A reader asked:
I want to give £4,000 each to my children – it’s money from their nan who would have wanted them to have it. But one daughter started a DRO a few months ago. I think she would have this money taken away so should I buy her a car instead? Things are difficult for her as she gets no child maintenance.
What happens if you give her cash?
If you give her the money now, she wouldn’t have it taken away. A Debt Relief Order (DRO) isn’t like bankruptcy or an IVA where if someone gets a large windfall they lose it.
But her DRO would be cancelled (the legal term for that is “revoked”) if you give her that much. See What happens to a DRO if you get some more money for details.
If her DRO is cancelled, she still has the money but also all her previous debts. She could use the money to settle some of the debts – with full and final settlements she may well be able to clear a lot more than £4,000 of debt, but perhaps not all her debts, it depends on how large they are. But the DRO will stay on her credit record for the next six years anyway.
Your other option is to give her most of the money after her DRO has finished and her debts have been wiped out. You could say give her £500 now for immediate needs and the rest when the DRO ends. A present of £500 wouldn’t affect her DRO, though she should report it to the Official Receiver.
Giving a car – it depends on how you do it
If you give her a car, then much the same would apply as giving her cash. It is one of the conditions of starting a DRO that any car has to be worth under £1,000 so by getting a more expensive car in the middle of her DRO is it very likely to be cancelled.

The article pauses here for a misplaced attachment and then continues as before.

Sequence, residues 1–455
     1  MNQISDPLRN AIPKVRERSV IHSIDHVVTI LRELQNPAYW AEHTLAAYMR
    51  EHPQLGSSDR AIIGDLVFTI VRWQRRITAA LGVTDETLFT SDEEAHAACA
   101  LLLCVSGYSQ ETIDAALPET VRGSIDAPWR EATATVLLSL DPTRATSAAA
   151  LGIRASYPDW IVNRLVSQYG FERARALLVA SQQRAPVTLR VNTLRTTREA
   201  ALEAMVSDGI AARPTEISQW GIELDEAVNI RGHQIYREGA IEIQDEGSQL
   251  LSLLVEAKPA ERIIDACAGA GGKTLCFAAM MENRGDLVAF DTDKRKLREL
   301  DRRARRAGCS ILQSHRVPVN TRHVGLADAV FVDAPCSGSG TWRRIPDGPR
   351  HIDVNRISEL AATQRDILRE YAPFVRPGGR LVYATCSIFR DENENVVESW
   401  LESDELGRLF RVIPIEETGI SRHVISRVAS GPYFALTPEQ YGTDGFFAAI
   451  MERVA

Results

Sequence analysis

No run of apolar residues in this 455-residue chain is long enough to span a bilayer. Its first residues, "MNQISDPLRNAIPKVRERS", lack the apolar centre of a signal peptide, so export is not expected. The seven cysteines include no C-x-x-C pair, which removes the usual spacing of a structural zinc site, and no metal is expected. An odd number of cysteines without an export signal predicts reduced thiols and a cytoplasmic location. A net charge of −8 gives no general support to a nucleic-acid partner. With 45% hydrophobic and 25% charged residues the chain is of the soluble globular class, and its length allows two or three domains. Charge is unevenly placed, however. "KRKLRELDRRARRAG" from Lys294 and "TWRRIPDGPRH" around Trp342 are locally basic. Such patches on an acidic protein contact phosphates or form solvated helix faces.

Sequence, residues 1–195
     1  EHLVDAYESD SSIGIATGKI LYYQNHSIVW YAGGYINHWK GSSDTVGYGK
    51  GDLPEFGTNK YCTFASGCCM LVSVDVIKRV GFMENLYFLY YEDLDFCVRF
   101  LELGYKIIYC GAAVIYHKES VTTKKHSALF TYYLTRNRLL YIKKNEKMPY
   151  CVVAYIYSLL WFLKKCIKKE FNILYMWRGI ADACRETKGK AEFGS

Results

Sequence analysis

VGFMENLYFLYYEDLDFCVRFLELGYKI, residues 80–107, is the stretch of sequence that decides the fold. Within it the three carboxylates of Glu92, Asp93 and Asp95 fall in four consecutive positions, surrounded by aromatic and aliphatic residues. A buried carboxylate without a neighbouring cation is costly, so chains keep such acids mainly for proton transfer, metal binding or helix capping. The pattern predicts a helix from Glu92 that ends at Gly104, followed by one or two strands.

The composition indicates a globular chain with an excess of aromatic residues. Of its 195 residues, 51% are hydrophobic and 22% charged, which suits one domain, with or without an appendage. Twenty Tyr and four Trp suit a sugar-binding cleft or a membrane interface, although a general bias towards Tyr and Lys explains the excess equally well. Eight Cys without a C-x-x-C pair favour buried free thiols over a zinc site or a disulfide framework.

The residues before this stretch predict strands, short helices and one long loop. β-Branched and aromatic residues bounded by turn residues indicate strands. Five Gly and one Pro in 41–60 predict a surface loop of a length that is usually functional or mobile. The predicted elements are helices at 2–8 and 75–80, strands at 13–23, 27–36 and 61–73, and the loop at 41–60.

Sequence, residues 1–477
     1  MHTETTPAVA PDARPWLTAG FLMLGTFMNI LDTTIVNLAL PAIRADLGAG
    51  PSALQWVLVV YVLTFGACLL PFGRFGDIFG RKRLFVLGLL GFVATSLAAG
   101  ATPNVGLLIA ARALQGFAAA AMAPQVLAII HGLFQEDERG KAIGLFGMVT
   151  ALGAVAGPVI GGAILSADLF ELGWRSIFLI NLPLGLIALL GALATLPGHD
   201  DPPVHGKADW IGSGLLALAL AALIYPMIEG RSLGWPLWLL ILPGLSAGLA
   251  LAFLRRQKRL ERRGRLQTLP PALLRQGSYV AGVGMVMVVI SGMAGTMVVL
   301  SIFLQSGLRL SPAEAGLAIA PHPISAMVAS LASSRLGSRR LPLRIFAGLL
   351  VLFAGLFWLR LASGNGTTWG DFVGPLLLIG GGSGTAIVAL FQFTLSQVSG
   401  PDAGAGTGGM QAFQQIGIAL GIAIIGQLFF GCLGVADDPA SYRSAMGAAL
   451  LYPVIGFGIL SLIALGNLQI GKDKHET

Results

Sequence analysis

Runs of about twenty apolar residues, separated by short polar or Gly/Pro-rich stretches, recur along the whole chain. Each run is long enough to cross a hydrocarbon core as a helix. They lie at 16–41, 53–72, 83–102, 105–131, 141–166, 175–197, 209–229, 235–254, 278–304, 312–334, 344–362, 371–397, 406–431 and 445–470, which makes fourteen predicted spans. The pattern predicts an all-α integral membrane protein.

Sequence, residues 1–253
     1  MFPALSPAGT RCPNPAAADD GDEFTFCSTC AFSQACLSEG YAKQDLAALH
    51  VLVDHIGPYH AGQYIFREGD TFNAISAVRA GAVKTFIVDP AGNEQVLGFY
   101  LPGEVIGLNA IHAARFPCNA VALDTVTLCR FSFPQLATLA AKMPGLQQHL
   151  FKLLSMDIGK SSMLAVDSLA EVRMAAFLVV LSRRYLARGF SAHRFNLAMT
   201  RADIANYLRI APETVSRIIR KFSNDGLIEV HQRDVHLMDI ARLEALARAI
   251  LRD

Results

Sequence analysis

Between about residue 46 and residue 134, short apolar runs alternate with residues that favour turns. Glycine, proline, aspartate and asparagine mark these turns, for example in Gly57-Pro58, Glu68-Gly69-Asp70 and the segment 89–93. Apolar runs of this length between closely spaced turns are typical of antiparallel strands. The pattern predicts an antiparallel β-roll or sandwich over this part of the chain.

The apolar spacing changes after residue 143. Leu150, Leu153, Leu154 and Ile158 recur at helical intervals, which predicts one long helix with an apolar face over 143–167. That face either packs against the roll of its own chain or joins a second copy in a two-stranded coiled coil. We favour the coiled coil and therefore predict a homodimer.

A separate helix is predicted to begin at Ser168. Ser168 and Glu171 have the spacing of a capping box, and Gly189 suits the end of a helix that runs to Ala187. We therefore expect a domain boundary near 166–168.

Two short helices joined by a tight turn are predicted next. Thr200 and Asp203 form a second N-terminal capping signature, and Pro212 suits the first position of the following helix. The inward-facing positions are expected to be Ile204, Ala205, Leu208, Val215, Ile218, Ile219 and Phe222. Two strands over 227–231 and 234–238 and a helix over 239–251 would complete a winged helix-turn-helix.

There is a way around this – you can buy the car and let her drive it. She could be the registered keeper, have the insurance in her name etc, but legally you would still be the “beneficial owner” of the car, so this wouldn’t affect her DRO. If you do this, I suggest you confirm this in writing by sending her a letter or email saying you are happy for her drive your car for as long as she needs it, but could she return it to you if it ever isn’t wanted.
If you are going to do this, make sure she can afford to run the car. You may think that a car would make her life a lot easier, but if she is struggling for money now, the insurance, MOT, parking costs all need to be thought of, it’s not just the petrol.
Talk to your daughter!
You need to make sure this is a nice surprise for her, not one that causes her any problems. I think you have to talk to her about it.
Personally, I don’t think giving her the money now and having her DRO cancelled is a good choice. Waiting until the DRO has completed could make so much more difference to her family over the next few years. But some people hate the idea of not paying their debts, so it’s possible she could prefer to have her DRO cancelled and settle her debts. This isn’t my call and it really shouldn’t be your call either…
And if you are thinking of a car instead, she needs to think about the costs before saying Yes.